Rebel Wilson is staying true to her name. The one-of-a-kind Australian actress opened up in a new interview with Australia's Daily Life, and touched on her body image, her flourishing career, and why she'll "never" be one of the "twig bitches" her Pitch Perfect character Fat Amy fought against.
Appearing in the upcoming Pitch Perfect 2, Wilson, 28, told the Daily Life that she is comfortable in her own skin, and recognized that she doesn't look like many of Hollywood's biggest (yet skinniest) stars.
"One time I got X-rayed by a chiropractor and he goes, 'You know, you don't actually have a big build,'" the Super Fun Night alum spilled. "It's like, you're just fat!… I took something that was seen as a disadvantage — no one thinks, if you're fat, that you're going to be an actress and everyone's going to love you — and turned it into a positive."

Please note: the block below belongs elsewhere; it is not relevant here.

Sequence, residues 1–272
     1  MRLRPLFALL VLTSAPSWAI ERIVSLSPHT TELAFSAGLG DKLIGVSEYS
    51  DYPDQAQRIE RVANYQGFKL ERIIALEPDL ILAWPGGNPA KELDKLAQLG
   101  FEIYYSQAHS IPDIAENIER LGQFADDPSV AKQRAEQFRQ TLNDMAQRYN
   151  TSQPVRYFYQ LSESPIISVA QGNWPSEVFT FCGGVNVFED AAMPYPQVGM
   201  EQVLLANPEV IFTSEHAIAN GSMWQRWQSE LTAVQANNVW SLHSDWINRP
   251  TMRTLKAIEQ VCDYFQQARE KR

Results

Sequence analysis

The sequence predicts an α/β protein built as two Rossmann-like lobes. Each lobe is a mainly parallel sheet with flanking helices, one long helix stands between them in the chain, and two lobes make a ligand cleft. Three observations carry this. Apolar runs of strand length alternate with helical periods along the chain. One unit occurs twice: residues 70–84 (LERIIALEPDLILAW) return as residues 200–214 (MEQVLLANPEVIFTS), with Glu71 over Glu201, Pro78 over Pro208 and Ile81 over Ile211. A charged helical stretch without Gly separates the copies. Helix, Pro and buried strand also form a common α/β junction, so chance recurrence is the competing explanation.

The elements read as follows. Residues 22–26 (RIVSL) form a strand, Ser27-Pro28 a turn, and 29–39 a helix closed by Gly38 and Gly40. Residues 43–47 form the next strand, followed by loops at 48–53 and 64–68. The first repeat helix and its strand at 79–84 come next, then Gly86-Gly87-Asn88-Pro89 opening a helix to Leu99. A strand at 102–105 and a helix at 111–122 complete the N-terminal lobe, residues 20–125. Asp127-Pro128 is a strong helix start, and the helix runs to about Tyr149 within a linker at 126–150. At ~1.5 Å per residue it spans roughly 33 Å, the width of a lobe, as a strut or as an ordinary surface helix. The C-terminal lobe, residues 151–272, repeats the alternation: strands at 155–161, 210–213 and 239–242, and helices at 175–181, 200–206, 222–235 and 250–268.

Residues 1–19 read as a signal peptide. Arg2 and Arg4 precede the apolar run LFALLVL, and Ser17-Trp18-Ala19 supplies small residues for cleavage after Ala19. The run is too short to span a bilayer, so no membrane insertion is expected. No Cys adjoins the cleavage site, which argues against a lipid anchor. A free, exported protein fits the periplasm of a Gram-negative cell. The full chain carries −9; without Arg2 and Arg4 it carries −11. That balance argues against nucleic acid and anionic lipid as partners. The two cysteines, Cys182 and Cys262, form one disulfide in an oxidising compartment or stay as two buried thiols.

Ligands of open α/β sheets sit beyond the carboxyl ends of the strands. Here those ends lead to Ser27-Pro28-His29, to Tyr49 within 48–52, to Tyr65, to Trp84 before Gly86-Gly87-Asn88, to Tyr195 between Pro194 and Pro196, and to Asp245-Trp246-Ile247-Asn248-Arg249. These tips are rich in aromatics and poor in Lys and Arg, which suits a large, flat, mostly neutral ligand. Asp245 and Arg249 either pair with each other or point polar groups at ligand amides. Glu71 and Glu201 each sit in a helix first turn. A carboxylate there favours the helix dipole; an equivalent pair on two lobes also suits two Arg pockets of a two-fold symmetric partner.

"Bigger girls do better in comedy," the Pain & Gain actress continued. "I don't know why. Maybe because people find it easier to laugh. It's very hard to laugh at someone who's very attractive, I think. And normally those people don't have a great personality anyway."
In her rapid rise to fame, Wilson has seen her greatest success in comedy. After leading the Australian comedy series Bogan Pride, the hilarious star made a name for herself stateside with an appearance in 2011's Bridesmaids. Starring opposite Kristen Wiig, Maya Rudolph, Rose Byrne, Chris O'Dowd, and Melissa McCarthy, among others, Wilson played Brynn, the bizarre roommate who makes Wiig's character Annie move out.
"The odds of an Australian girl making it in Hollywood is, like, one in 25 million," Wilson noted. "I'm lucky... But I also think I worked hard. I deserve it."
Following Bridesmaids, Wilson snagged roles in Bachelorette, What to Expect When You're Expecting, and Night at the Museum: Secret of the Tomb, as well as a starring turn in her own short-lived ABC show, Super Fun Night in 2013 and 2014. She'll reprise her beloved role of Fat Amy when Pitch Perfect 2 hits theaters in May.
"I do have these dreams, like, 'What if I just went to a health farm and lost 50 kilos?'" Wilson added. "'What would happen? Would it affect my career?' But then I think, that's never going to happen."